As the storms pushed further east, however, they began to take on some very ominous characteristics. As the storms pushed deeper into the moist, warm air the winds at the surface began to back a little bit more; further west surface winds were mostly out of the south, but as they moved towards the Manitoba border the surface winds became more and more southeasterly. Very quickly strong rotation began to show up on RADAR, with the main supercell we’ve been tracking showing a very intense velocity couplet as it moved towards Carlyle, SK. The storms had always shown rotation since nearly the beginning of their lifespan and had the capability to produce tornadoes at any time, but it was at this point these storms began to look like they could produce a large, long-lived tornado. The storm about to hit Carlyle, in particular, was becoming the storm to watch.
Supercell Tears Across Southwest Manitoba
And watching it we were! Matt, A Weather Moment contributor and @lovestormsMB was out chasing and had been on the storm for hours at this point. While hopes of seeing anything rapidly diminished as the storm became what is known as a HP supercell, he was able to feed important information via his Twitter account.
HP Supercell just SW of Carlyle, SK on Saturday evening as the storm approached the Manitoba border. Credit: @lovestormsMB
This storm – for lack of any better terminology – looked vicious as it moved into Manitoba. It was tracking along Highway 13 and moved straight towards Reston – a town that has already had to deal with multiple severe storms this year already – and Pipestone, a town somewhat famous for the Pipestone tornado.
Unfortunately, it didn’t take long for word to come that there was certainly significant damage occurring under that storm. Environment Canada also issued a timeline for reports it received on the Manitoba side:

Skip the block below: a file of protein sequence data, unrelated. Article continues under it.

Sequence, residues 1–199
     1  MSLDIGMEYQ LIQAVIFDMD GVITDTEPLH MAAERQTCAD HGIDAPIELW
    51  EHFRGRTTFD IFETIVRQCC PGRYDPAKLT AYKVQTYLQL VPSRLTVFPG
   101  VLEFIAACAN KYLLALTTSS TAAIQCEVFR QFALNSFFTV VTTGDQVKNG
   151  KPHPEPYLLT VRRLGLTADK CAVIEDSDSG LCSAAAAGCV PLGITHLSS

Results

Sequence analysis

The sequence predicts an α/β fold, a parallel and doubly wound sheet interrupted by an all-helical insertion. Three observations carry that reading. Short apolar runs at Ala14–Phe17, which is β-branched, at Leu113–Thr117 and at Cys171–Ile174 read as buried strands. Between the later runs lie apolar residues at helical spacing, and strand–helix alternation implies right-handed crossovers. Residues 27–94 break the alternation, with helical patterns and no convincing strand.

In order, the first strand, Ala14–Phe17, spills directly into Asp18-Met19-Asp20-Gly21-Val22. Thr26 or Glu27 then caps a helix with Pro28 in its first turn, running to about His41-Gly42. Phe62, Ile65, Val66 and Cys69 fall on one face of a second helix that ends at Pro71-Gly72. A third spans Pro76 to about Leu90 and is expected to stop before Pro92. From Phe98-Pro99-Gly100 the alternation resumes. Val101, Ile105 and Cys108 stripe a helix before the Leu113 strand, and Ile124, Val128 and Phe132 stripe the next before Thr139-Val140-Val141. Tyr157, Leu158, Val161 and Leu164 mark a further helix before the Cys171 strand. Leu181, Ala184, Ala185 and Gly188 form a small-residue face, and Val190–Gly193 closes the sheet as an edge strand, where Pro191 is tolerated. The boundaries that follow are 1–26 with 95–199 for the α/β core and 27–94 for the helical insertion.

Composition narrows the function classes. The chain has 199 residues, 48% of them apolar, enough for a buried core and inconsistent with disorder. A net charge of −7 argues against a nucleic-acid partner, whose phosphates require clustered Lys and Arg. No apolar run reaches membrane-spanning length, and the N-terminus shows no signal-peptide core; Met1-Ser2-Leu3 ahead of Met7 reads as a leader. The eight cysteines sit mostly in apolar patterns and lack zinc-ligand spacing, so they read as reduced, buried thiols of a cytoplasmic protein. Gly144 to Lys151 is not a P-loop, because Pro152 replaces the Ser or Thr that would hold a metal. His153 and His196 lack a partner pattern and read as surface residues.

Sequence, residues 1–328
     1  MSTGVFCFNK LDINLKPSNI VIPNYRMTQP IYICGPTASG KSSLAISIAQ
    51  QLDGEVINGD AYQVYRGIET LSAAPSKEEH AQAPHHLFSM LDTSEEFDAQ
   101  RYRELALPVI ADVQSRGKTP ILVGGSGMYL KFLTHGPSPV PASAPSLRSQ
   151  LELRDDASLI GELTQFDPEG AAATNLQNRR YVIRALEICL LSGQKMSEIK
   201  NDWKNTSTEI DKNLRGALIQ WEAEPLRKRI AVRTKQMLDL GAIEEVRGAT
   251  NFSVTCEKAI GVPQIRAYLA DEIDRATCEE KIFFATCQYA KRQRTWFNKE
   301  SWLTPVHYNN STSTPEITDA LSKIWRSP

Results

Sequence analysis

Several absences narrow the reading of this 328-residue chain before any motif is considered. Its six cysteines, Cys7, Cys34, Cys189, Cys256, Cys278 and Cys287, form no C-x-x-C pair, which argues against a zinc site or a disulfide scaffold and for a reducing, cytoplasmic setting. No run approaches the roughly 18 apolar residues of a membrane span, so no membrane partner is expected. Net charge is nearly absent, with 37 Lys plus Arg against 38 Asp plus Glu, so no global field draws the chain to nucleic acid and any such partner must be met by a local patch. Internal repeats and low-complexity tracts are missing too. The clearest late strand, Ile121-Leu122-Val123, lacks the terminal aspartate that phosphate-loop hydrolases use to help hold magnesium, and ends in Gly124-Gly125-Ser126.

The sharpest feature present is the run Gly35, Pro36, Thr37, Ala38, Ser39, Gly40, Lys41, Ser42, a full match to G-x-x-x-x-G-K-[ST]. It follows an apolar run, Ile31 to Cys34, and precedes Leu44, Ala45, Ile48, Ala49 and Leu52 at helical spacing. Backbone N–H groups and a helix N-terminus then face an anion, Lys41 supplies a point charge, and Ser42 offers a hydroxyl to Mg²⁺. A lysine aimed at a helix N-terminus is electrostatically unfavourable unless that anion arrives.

Sinclair (7 km N)
Ping pong size hail, severe winds with trees down
Nickel hail, 42 mm rain
Tornado, significant damage
Pipestone (20 km E)
Tornado, golf ball hail
Dramatic photos began coming in from the Pipestone region as well:
Photo of the HP supercell near Reston, approaching Pipestone, MB. Credit: @lovestormsMB
Photo of a mobile home thrown into the rink in Pipestone. Credit: @Snipe_All_Day
A destroyed cattle shed in Hartney, MB. Credit: @LD_StVital
The clean-up continues today in Pipestone and Hartney while damage continues to be assessed in southeastern Saskatchewan. Unfortunately for those in Saskatchewan there will be little time to recover as another potent setup for a severe storm outbreak will be in place Monday afternoon bringing, once again, a tornado, torrential rain and large hail risk. Regions in SW Manitoba should be a little safer this time. We’ll have the full details of that in tomorrow’s blog post.
The “HP” in “HP supercell stands for ”high precipitation.” HP supercells often have obvious, dramatic structure form afar, but little of the internal workings are visible due to the copious amounts of precipitation falling out from them. HP supercells are extremely dangerous storms as any tornadoes they produce are often hidden from sight behind all the rain. ↩